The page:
Water maze versus radial maze: differential performance of rats in a spatial delayed match-to-position task and response to scopolamine
Ormerod, B.K.; Beninger, R.J.
Behavioural Brain Research 128(2): 139-152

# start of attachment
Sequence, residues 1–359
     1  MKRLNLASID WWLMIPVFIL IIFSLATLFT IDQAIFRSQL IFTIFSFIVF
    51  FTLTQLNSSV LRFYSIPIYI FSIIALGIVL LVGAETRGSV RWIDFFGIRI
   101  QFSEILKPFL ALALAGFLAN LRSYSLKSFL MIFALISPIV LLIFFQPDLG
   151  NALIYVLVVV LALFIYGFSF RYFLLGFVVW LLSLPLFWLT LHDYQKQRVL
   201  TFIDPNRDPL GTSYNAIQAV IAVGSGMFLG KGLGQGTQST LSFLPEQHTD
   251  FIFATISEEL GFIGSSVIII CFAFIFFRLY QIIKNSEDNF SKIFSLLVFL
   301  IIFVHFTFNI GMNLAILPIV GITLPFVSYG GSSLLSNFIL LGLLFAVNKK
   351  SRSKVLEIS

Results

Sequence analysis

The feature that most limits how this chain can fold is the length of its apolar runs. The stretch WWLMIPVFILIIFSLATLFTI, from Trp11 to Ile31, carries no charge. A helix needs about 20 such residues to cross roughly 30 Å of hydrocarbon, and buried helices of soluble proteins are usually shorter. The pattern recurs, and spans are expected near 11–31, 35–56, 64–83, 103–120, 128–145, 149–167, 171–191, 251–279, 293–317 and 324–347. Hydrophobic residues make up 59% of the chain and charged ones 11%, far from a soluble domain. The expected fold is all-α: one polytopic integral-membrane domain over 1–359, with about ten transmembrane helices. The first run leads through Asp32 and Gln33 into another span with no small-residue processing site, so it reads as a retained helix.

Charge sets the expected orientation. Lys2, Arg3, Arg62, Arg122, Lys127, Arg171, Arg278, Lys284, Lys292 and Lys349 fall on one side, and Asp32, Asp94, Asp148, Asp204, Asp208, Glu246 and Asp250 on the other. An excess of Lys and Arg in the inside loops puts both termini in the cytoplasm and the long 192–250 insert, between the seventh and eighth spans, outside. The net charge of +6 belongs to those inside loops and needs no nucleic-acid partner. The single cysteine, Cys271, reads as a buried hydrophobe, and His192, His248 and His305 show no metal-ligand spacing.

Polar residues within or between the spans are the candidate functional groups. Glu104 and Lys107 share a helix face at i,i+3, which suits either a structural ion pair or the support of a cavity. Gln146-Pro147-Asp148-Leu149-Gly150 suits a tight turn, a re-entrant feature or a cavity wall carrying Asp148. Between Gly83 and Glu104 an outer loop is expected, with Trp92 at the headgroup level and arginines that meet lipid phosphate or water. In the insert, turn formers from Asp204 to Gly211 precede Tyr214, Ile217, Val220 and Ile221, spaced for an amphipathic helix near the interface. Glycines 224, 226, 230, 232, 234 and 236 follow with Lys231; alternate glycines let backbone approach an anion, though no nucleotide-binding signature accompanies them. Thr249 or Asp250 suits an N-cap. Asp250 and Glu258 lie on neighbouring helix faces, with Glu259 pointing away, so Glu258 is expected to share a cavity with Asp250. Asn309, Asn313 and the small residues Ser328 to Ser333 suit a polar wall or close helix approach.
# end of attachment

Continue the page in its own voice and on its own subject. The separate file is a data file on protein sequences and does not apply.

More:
Studies rarely assess treatment effects across tasks; the present experiments addressed this issue. In Experiments 1 and 2, rats (n=12) were trained and then tested with variable delays on a spatial match-to-position task sequentially in the water and radial mazes (in counterbalanced order). Experiment 1 compared the effect of 0-, 60- and 1440-min delays on performance in both mazes. Rats required fewer (P<0.05) mean (+/-S.E.M.) sessions to reach criterion performance in the water (11.0+/-1.0) versus radial maze (19.3+/-2.2). In test sessions, performance was impaired delay-dependently when scores were averaged across the two tasks (P<0.05) but no significant effect of task or task x delay interaction was found. In the second experiment, the same rats were retrained and tested with 0-, 1-, 3- and 5-min delays in both mazes and testing followed the administration of scopolamine (0, 0.1, 0.4 and 0.8 mg/kg). The mean (+/-S.E.M.) number of acquisition sessions was similar in the radial (6.33+/-0.34) and water maze (6.08+/-0.46). On the sample portion of trials, performance was impaired at the 0.8 mg/kg dose of scopolamine (P<0.02) in the radial maze only. On the recognition portion of trials in the radial maze, the 0.4 and 0.8 mg/kg doses of scopolamine impaired performance whereas in the water maze task the 0.8 mg/kg dose impaired performance. The pattern of results may reflect different natural tendencies of rats to alternate (win-shift) versus not alternate (win-stay) in dry land versus swim tasks.